Calling herself a “rock chick,” Liz Ann Sonders quoted a Rolling Stones line that resonates amid the coronavirus pandemic: “Just a shot away.”
“What a great line as we think about vaccines, and is that the answer to all that ails us?” the Schwab chief investment strategist said Wednesday at her firm’s annual Impact conference. “Is that going to be a turning point, or are there other forces that will come into play between now and then?”
A COVID-19 vaccine “is an absolute necessity. But at the moment [until] we hear it’s readily available, there will be a lot of questions, i.e., [about its] efficacy, how available [it will be], the order of recipients, how many times [it has] to be taken, the logistics of storage … , etc.,” Sonders said.
There’s “a whole series [of issues] that we have to be mindful of … ,” she added. “I’m a little concerned about this thinking that a vaccine is the end-all be-all.”
Haves vs. Have-Nots
Sonders described how the coronavirus pandemic has and will continue to affect the economy and financial markets.
“The pandemic has exposed the widening gap between the haves and have-nots. You can see it in economic statistics, you can see in market data, see at the micro level,” Sonders explained.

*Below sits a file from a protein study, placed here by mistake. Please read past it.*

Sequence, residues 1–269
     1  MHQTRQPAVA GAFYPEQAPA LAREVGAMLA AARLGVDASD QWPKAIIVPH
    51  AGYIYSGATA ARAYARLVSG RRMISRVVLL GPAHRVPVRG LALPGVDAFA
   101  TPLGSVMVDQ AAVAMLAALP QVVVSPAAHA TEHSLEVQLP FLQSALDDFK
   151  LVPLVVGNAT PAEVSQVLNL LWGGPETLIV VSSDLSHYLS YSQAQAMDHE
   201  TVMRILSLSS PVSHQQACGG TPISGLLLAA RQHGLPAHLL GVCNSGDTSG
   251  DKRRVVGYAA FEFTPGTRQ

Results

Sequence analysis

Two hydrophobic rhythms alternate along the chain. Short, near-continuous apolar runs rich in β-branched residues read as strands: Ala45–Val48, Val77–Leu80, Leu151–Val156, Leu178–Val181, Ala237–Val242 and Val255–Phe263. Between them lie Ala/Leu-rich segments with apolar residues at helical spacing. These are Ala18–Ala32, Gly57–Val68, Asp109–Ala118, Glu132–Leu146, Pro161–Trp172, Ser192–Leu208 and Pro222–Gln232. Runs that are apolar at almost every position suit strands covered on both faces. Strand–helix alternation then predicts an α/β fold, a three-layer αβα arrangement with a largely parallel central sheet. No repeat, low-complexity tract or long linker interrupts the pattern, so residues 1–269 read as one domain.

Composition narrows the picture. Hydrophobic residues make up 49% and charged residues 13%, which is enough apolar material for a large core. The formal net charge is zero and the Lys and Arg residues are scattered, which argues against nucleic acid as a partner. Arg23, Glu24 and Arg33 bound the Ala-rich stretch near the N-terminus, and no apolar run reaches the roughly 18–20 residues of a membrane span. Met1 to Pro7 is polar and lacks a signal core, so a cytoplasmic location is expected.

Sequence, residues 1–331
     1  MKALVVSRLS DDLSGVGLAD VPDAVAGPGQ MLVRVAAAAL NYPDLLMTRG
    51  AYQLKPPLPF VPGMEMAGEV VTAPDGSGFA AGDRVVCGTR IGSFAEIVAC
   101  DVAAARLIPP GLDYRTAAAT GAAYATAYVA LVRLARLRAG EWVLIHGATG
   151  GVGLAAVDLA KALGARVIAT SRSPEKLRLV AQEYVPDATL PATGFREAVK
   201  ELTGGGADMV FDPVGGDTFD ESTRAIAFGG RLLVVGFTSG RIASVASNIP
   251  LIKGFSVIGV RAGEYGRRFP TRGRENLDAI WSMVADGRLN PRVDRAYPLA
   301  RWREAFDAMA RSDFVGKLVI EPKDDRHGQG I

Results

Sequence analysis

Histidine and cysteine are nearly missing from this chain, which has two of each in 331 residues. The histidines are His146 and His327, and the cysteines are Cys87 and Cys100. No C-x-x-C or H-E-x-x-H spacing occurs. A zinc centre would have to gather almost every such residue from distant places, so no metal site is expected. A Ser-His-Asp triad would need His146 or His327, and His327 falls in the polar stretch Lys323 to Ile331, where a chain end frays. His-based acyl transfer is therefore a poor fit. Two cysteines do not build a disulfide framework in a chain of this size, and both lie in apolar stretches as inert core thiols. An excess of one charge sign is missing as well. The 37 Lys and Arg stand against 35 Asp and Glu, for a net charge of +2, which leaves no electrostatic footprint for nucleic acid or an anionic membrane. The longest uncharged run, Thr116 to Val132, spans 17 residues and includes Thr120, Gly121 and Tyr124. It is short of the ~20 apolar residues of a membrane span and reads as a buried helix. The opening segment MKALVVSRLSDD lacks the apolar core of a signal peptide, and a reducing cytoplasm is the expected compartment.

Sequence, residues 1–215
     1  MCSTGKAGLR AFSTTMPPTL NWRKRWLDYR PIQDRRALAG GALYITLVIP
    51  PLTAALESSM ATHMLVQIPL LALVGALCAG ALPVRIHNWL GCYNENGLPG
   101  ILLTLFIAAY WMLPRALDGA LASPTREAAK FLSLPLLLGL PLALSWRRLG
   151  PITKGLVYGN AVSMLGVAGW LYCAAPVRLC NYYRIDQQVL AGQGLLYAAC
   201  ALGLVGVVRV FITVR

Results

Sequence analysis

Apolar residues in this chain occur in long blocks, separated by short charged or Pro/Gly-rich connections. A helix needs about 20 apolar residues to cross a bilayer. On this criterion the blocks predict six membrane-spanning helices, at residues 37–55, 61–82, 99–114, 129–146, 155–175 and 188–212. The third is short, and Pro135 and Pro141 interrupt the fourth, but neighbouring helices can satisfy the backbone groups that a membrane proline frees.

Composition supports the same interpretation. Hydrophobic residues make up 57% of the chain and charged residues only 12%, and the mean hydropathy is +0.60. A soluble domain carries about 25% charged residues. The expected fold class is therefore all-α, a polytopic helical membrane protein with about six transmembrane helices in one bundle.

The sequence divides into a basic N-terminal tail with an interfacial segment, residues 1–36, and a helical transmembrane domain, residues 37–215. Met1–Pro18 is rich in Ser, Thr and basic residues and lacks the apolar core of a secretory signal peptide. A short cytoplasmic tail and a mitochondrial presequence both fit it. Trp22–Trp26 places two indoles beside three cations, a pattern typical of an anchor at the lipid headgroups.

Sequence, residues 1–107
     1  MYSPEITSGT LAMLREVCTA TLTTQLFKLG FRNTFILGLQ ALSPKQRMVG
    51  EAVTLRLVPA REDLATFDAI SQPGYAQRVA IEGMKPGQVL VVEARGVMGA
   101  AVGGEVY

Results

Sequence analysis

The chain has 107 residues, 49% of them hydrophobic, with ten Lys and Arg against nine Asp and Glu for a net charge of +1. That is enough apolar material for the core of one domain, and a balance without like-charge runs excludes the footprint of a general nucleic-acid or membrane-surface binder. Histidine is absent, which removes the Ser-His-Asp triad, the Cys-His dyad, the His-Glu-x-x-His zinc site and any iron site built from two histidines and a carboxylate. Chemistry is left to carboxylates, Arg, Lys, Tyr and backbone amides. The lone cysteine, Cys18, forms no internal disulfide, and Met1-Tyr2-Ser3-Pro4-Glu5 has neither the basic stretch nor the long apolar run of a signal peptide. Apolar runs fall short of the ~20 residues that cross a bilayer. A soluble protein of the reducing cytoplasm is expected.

“Those in upper echelon of income perspective have more flexibility to work from home. Some of those on lower end don’t have that flexibility,” she said.
“And those vast differences have been exposed not only by virtue of pandemic’s impact on economy, but exacerbated by the disproportional impact the virus itself has on many of these people,” added Sonders.
“You really see that division occur, hence the reason of using the ‘K’ to look at in a snapshot,” the strategist said, referring to a K-shaped recovery, in which some groups thrive again while others continue to struggle.
“High-frequency measures … have become more important during the pandemic, everything from mobility trackers to OpenTable seated diners and TSA throughput,” Sonders said.
“One example in comparing the U.S. to many places in Europe: Workers in Europe who are furloughed are still considered employed, even if the companies may not be able to bring them back on,” she explained.
“Yet in United States, furloughed workers are at this moment considered unemployed,” Sonders said.
“Think of the differential when comparing things like employment rates and other labor statistics, as they really vary, even from region to region, on how [we] traditionally calculate numbers, let alone accurately calculate numbers in a pandemic,” she added.
“The market is overvalued by standard [price-to-earnings] metrics,” Sonders said. “But what is misunderstood is that even though it is quantifiable historically, P/E is a sentiment indicator more than anything else.”
Thus, “P/E is terrible a market-timing tool…,” she stated. “But yes, in simplistic terms, the market is expensive.”
— Related on ThinkAdvisor: